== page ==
CFA Marker because it can detect if CMV is present or not in congeneric and non-congeneric situations

What method of CMV correction does Richardson, Simmering, & Sturman 2009 recommend

None, because all techniques increase the probability of Type I and Type II errors if no CMV exists

What makes a good CFA marker?

1. Theoretically unrelated to substantive variables
2. Susceptible to the same CMV forces as substantive variables
- latent variable
- same scale
- same anchors

Describe Harman's Single-factor test

1. Load all variables into EFA
2. Examine unrotated solution
3. If CMV is present, then a single factor will emerge or one factor will account for the majority of covariance

What are the limitations of Harman's Single factor test?

1. Does not partail out method effects
2. Single factor result may stem from lack of discriminant validity
3. CMV would have to account for 100% of covariance to be regarded as a problem

What are the three variations of partial correlation procedures to control for method biases?

1. Partialling out social desirability or general affectivity
2. Partialling out "marker" variable
3. Partialing out general factor score

What are statistical remedies for CMV?

1. Harman's single factor test
2. Partial correlation procedure
3. Controlling for the effects of a directly measured latent methods factor
4. Controlling for the effects of an unmeasured latent methods factor
5. Multiple method factors

What are the three perspectives on CMV?

1. CMV does not exist
2. Noncongeneric perspective - CMV exists and has an equal effect on all constructs
3. Congeneric perspective - CMV exists, but does not effect all constructs equally
(Richardson, Simmering, & Sturmam, 2009)

Support for congeneric CMV perspective

Williams & Anderson (1994)
Williams et al. (2003)
Rafferty & Griffin (2004)
Cote & Buckley (1987)

Cote & Buckley's (1987) findings

CMV depends on type of measure
41% for attitudes
25% for personality
23% performance and satisfaction

Correlation Marker Technique

Partials out method variance equally from all constructs
A non-theoretical related variable is measured
The variance between the marker variable and substantive variables is thought to be caused by CMV.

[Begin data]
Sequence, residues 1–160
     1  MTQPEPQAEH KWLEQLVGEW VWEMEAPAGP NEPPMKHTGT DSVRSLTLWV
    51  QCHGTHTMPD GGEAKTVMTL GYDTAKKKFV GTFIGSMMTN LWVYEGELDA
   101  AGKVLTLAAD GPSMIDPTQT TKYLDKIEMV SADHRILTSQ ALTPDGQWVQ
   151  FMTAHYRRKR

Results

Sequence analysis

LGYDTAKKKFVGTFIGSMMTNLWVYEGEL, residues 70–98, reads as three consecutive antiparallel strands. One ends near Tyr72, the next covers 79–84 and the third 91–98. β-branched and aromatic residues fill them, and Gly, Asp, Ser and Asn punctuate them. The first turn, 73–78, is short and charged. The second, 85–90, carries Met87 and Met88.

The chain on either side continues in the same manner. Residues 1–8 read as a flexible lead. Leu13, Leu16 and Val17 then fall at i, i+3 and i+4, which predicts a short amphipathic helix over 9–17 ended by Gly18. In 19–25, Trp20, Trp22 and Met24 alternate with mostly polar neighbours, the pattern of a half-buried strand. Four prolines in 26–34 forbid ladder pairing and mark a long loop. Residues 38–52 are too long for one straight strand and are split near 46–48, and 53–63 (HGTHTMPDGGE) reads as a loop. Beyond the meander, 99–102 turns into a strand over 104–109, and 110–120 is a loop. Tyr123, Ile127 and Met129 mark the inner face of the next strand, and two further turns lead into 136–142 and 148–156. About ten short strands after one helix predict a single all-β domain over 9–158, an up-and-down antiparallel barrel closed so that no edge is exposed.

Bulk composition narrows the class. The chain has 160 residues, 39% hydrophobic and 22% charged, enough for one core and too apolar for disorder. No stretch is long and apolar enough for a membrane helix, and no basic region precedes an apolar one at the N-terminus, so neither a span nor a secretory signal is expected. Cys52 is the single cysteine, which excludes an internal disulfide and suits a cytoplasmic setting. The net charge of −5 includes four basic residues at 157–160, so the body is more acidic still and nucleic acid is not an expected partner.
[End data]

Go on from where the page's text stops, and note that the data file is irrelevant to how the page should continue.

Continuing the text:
CFA Marker Technique

1. Compares the change in fit between a model with marker construct-substantive items loading freely to one which they are constrained to zero
2. Models at item level, so accounts for congeneric and noncongeneric CMV
(Richardson, Simmering, Sturman 2009)

Sharma, Yetton, & Crawford (2009)

CMV in TAM research

Procedural CMV remidies

1. Measure predictor and criterion measures from two different raters
2. Temporal separation - time between measures
3. Proximal - physical distance between measures (item 1 vs. item 20)
4. Psychological separation - cover story to reduce linkage between predictor and criterion variables
5. Eliminate common scale properties - anchors, scale types, polarity
6. Eliminate ambiquity
7. Reduce social desirability
8. Balance positive and negative items
Podsakoff, et al. (2003)
Podsakoff, Mackenzie, Podsakoff (2012)

Disadvantages of temporal separation

1. Assumes relationship is stable over time
2. Determining appropriate amount of delay
3. Non-method factors may change criterion variable
4. Respondent attrition
5. Increases complexity of design
Podsakoff, Mackenzie, Podsakoff (2012)

Disadvantages of proximal separation

1. Increase instrument length
2. If filler items are conceptually related, then context effects could increase method bias
Podsakoff, Mackenzie, Podsakoff (2012)

Disadvantages of psychological separation

1. Effectiveness is dependent upon credibility of cover story
Podsakoff, Mackenzie, Podsakoff (2012)